The most important of these patches is https://reviews.llvm.org/D57855. Please visit the “Stack” as well, the list of patches that depend on this and those this depends on. While 11 patches might seem a little scary at first, I’ve put a lot of effort into making as small as possible, in order to easy on reviewing. Note that the one patch I highlighted here is quite large however.
I commented on a bunch of these.
It is really, really great to see the improvements in testability and specification here. As I noted in some of the patches, I do have some serious concerns about the changes to the user model and command-line flags — but I don’t want those to get in the way of the general goodness of many of the improvements here.
Clang does have a history of having flags that are exclusively for developers -Weverything is being one example. I think if those flags make developing clang more convenient it might be worth to have them while making it clear in the documentation and the output that this is not intended to be used by end user. What do you think, would such notices help?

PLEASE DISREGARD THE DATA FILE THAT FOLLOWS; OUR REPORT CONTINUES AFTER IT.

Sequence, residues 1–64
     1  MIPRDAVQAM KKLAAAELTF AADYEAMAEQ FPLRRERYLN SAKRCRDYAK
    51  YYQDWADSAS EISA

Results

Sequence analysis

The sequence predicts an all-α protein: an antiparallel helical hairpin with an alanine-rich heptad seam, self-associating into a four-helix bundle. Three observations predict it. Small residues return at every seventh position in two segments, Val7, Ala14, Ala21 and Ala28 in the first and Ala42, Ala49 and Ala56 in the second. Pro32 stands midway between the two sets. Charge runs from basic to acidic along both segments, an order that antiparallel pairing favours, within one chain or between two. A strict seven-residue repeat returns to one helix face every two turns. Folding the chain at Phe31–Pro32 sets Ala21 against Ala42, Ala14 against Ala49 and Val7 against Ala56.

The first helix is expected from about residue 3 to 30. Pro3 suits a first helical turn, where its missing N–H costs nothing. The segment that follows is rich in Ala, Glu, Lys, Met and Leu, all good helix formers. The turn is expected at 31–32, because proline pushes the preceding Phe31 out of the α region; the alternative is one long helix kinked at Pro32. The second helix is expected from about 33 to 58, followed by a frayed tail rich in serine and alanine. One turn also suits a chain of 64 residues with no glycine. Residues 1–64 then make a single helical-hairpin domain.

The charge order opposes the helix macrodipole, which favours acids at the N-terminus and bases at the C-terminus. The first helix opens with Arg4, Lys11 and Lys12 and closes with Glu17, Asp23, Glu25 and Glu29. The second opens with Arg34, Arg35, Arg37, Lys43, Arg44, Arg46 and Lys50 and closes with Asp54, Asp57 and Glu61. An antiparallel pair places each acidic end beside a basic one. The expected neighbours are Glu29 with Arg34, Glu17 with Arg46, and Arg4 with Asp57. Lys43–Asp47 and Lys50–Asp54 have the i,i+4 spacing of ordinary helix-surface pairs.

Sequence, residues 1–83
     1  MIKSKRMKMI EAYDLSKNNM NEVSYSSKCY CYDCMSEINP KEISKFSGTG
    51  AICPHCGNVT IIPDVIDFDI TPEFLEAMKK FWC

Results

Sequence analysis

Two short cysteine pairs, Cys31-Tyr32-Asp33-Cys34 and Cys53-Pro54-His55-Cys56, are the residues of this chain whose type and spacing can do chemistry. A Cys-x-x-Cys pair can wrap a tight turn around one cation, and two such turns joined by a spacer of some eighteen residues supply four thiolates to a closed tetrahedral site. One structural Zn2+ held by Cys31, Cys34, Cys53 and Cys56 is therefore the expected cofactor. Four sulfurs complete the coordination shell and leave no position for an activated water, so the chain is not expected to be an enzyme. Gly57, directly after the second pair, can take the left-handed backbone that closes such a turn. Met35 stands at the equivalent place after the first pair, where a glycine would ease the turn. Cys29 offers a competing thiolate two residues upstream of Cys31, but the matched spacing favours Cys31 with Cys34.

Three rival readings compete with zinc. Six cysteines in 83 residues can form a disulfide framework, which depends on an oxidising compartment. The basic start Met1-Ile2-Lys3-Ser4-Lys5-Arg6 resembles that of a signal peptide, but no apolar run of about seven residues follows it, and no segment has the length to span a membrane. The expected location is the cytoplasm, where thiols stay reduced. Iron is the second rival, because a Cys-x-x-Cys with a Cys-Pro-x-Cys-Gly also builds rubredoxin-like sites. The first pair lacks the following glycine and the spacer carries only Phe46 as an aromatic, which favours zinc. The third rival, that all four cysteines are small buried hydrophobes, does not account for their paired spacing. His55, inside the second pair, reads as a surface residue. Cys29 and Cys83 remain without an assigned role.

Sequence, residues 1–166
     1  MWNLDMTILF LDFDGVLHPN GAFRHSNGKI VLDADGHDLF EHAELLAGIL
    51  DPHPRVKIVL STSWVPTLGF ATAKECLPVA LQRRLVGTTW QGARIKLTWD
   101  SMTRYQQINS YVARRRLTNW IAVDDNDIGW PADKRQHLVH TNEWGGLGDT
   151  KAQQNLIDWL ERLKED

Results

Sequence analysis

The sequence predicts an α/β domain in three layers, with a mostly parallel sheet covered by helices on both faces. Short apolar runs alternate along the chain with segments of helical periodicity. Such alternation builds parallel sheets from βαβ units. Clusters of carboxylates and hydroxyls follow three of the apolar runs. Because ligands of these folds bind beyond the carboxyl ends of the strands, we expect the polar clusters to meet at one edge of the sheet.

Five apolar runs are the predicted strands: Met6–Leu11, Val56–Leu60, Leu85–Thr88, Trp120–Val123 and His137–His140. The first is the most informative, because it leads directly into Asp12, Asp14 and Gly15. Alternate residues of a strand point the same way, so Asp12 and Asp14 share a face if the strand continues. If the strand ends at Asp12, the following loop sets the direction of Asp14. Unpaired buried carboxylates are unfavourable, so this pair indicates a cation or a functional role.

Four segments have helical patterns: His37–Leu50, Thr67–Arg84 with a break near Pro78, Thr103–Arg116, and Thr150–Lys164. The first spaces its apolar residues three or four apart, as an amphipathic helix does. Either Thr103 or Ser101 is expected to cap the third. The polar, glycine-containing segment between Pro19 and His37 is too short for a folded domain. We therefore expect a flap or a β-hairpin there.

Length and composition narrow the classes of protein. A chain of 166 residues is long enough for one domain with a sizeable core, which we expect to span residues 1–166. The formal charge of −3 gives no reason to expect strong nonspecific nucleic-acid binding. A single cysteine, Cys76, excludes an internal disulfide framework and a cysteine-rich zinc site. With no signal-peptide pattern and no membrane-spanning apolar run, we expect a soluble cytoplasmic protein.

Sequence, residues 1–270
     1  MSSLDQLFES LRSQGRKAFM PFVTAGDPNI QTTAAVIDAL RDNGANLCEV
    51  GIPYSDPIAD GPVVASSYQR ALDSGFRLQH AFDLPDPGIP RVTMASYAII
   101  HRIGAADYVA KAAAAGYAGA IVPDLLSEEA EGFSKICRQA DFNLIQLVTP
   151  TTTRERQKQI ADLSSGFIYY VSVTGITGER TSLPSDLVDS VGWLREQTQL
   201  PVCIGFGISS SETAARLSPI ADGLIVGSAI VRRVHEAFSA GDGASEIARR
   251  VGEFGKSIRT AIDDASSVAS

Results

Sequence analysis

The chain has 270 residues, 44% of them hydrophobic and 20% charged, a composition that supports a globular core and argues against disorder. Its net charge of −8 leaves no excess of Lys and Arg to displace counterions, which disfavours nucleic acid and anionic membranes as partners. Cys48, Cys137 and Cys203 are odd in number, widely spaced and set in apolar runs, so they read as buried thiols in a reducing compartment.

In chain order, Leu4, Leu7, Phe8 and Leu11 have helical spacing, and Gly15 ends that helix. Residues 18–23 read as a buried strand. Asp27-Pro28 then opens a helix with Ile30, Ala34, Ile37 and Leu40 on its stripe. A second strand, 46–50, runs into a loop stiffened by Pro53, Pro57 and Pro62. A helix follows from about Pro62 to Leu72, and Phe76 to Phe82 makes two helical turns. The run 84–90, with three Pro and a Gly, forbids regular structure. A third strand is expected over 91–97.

Shooting in the dark here, so please feel free to correct me, but isn’t everything behind -cc1 a “power user only” thing? Since we already list debug and alpha checkers for the flag -analyzer-checker-help (and recently, -analyzer-config-help),
I have had thoughts about exposing some of these flags however through driver flags, and narrowing these options down to the few that aren’t developer-only features (like expand-macros, or alpha.cplusplus.UninitializedObject:Pedantic). Also, explicitly noting each flag whether they are developer-only or not sounds great too.
It would probably be a good idea to tease apart the patches that change the user model from those that improve analyzer infrastructure. Let’s get the infrastructure ones landed!
I’m a little unsure about this one, could you specify? I would believe that the patches are already structured that way.
Thank you so much for the encouraging words on the effort, as well as the feedback on my patches! I’m very excited to see this project finally landing.